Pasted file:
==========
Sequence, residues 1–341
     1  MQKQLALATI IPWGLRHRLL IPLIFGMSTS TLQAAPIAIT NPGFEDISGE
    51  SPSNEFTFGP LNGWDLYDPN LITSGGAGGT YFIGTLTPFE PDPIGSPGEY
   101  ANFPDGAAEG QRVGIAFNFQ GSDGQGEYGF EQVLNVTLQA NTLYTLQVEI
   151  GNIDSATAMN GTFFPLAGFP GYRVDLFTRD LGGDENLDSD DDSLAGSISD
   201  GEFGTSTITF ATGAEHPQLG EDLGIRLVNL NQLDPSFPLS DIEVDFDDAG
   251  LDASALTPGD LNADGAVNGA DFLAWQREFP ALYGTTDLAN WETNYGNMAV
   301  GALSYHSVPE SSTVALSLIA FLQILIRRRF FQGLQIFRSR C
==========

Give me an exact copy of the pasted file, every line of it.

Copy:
Sequence, residues 1–341
     1  MQKQLALATI IPWGLRHRLL IPLIFGMSTS TLQAAPIAIT NPGFEDISGE
    51  SPSNEFTFGP LNGWDLYDPN LITSGGAGGT YFIGTLTPFE PDPIGSPGEY
   101  ANFPDGAAEG QRVGIAFNFQ GSDGQGEYGF EQVLNVTLQA NTLYTLQVEI
   151  GNIDSATAMN GTFFPLAGFP GYRVDLFTRD LGGDENLDSD DDSLAGSISD
   201  GEFGTSTITF ATGAEHPQLG EDLGIRLVNL NQLDPSFPLS DIEVDFDDAG
   251  LDASALTPGD LNADGAVNGA DFLAWQREFP ALYGTTDLAN WETNYGNMAV
   301  GALSYHSVPE SSTVALSLIA FLQILIRRRF FQGLQIFRSR C